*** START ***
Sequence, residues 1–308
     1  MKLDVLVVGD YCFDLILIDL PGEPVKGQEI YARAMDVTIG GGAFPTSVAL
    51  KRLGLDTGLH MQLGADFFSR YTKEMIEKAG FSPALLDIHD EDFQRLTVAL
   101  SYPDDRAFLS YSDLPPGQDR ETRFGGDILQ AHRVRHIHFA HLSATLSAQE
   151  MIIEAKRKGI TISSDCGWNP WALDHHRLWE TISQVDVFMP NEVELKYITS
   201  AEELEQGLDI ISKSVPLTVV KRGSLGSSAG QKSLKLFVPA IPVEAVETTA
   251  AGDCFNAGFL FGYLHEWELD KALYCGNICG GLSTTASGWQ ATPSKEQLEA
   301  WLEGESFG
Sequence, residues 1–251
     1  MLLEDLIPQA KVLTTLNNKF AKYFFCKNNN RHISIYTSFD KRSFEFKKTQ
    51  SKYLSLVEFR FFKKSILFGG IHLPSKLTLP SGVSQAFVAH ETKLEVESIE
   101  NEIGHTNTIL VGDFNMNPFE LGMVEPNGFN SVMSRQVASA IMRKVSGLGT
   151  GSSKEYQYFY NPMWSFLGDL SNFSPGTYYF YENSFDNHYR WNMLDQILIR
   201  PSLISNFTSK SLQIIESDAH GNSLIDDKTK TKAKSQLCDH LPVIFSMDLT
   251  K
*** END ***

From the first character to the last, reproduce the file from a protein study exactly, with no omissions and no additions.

Sequence, residues 1–308
     1  MKLDVLVVGD YCFDLILIDL PGEPVKGQEI YARAMDVTIG GGAFPTSVAL
    51  KRLGLDTGLH MQLGADFFSR YTKEMIEKAG FSPALLDIHD EDFQRLTVAL
   101  SYPDDRAFLS YSDLPPGQDR ETRFGGDILQ AHRVRHIHFA HLSATLSAQE
   151  MIIEAKRKGI TISSDCGWNP WALDHHRLWE TISQVDVFMP NEVELKYITS
   201  AEELEQGLDI ISKSVPLTVV KRGSLGSSAG QKSLKLFVPA IPVEAVETTA
   251  AGDCFNAGFL FGYLHEWELD KALYCGNICG GLSTTASGWQ ATPSKEQLEA
   301  WLEGESFG
Sequence, residues 1–251
     1  MLLEDLIPQA KVLTTLNNKF AKYFFCKNNN RHISIYTSFD KRSFEFKKTQ
    51  SKYLSLVEFR FFKKSILFGG IHLPSKLTLP SGVSQAFVAH ETKLEVESIE
   101  NEIGHTNTIL VGDFNMNPFE LGMVEPNGFN SVMSRQVASA IMRKVSGLGT
   151  GSSKEYQYFY NPMWSFLGDL SNFSPGTYYF YENSFDNHYR WNMLDQILIR
   201  PSLISNFTSK SLQIIESDAH GNSLIDDKTK TKAKSQLCDH LPVIFSMDLT
   251  K